Domestic violence is global, but it is certainly more concentrated in certain areas. The worse a country treats it’s women, the more they will be abused. The less reproductive rights, political voice, and financial freedom women have, the more likely they are to face domestic violence.
Rates of gendered violence, spousal abuse and domestic violence vary from culture to culture, but one thing is constant: male entitlement. Men, around the world, are raised to feel entitled to women’s bodies, and whether that manifests itself through rape, victim blaming, street harrassment, or domestic violence is completely irrelevant. These are all just symptoms of a bigger problem, and as long as the patriarchy remains a global phenomena, we can expect these symptoms to remain global as well.

Domestic Violence: Rihanna and Chris Brown

In my opinion, the entire domestic violence scandal with Rihanna and Chris Brown was both a tragic event and an opportunity to raise awareness about what has become somewhat of an epidemic in our society. However, not everyone shares this view.
Some feel that Chris Brown made a mistake, that he didn’t mean for it to happen, that he had been provoked, or that he’s just not usually that kind of guy. But domestic abuse is often long term, and it can take a while for abusers to actually hit their victims. So if he had reached the point where he beat her up that badly, he had probably been abusing her, at least emotionally, for a long time.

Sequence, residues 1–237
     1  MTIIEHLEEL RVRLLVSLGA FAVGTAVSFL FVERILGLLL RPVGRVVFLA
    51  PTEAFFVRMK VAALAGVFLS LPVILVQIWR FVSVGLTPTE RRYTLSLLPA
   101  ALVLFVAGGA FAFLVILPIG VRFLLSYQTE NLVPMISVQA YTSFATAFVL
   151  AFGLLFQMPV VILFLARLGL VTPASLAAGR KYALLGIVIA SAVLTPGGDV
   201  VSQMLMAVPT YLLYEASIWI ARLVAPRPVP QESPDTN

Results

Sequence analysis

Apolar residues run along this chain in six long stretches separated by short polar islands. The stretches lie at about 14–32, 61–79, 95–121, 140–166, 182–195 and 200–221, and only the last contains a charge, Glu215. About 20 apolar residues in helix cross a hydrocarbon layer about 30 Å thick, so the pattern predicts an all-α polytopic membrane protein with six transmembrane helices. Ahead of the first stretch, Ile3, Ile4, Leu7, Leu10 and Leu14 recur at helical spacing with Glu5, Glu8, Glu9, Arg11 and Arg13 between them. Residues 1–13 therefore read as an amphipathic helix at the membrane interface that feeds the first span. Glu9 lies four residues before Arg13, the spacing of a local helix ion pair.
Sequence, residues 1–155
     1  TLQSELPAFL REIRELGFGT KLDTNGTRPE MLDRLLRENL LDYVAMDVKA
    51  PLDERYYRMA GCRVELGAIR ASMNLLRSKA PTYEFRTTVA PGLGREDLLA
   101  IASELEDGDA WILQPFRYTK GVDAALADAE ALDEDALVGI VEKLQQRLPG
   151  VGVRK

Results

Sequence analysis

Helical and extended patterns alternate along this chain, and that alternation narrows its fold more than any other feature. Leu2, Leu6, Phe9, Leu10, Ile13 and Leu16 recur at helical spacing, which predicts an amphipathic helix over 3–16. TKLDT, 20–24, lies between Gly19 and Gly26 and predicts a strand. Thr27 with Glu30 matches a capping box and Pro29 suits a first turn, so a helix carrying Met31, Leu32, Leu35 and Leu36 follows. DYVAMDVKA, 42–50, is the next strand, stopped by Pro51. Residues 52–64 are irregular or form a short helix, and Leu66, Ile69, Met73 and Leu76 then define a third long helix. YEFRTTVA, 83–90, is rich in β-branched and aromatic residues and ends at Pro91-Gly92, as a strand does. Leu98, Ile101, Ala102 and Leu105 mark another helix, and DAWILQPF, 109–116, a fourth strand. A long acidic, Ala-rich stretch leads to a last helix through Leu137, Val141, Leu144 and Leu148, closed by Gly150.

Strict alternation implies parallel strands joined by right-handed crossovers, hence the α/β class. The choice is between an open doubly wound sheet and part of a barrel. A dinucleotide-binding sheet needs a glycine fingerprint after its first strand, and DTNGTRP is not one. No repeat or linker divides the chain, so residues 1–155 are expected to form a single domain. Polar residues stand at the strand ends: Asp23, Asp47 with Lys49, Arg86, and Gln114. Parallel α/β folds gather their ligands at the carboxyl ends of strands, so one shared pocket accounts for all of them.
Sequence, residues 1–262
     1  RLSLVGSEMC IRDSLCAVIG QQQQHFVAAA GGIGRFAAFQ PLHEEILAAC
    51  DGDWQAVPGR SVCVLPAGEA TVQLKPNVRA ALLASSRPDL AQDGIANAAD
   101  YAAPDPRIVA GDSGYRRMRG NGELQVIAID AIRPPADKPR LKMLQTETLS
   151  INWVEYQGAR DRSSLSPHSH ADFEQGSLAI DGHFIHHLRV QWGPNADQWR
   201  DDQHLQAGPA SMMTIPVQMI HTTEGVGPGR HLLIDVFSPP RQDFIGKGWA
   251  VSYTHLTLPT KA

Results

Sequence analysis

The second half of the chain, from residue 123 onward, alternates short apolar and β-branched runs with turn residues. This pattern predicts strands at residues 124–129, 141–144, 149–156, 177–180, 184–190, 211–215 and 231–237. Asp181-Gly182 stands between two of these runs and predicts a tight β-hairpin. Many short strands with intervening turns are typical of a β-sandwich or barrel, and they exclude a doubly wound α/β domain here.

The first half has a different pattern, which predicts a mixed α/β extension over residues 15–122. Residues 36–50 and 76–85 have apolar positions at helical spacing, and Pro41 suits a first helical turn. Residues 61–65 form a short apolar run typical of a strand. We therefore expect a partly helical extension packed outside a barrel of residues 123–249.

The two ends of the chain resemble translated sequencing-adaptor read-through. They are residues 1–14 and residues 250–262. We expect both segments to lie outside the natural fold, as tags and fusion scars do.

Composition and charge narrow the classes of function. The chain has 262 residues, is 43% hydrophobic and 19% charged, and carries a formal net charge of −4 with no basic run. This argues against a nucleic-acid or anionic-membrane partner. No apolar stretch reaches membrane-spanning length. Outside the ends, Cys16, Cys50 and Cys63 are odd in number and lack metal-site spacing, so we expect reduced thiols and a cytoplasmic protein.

Moreover, any attempt to defend the perpetrators of abuse is an attempt to shift blame to the victims. If Chris Brown isn’t that kind of guy, then Rihanna must have brought it out in him. If he’s never hit his other girlfriends, then something about Rihanna must be different. If Chris Brown doesn’t normally snap like that, Rihanna must have provoked him. While people might not actually say anything was Rihanna’s fault, it’s implied when they start defending Chris Brown.
Also, some people actually do blame Rihanna for her actions afterwards. When rumors started to swirl that the two might get back together, people began to criticize Rihanna for setting a bad example. Technically, I suppose, she was. But that’s her love life and her decision. Besides, abuse victims shouldn’t be blamed for loving their abusers. They loved them before the were abusive, and haven’t yet given up hope that their partner will change.
More importantly, no one was that upset at Chris Brown for setting a bad example. People still listen to his music and buy his CDs! Personally, I don’t think they should, but I suppose that’s up to each individual person to decide.
Either way, I have the utmost sympathy for Rihanna, and none whatsoever for Chris Brown.

More About the NFL and Domestic Violence

I happened across this article from the Washington Post earlier today and I figured I should share it. It’s about the NFL and domestic abuse, and it relates to the discussion we had last Monday. Ray Rice is not the first football player to hit his partner, and unfortunately, he won’t be the last, either.

http://www.washingtonpost.com/posteverything/wp/2014/10/17/for-battered-nfl-wives-a-message-from-the-cops-and-the-league-keep-quiet/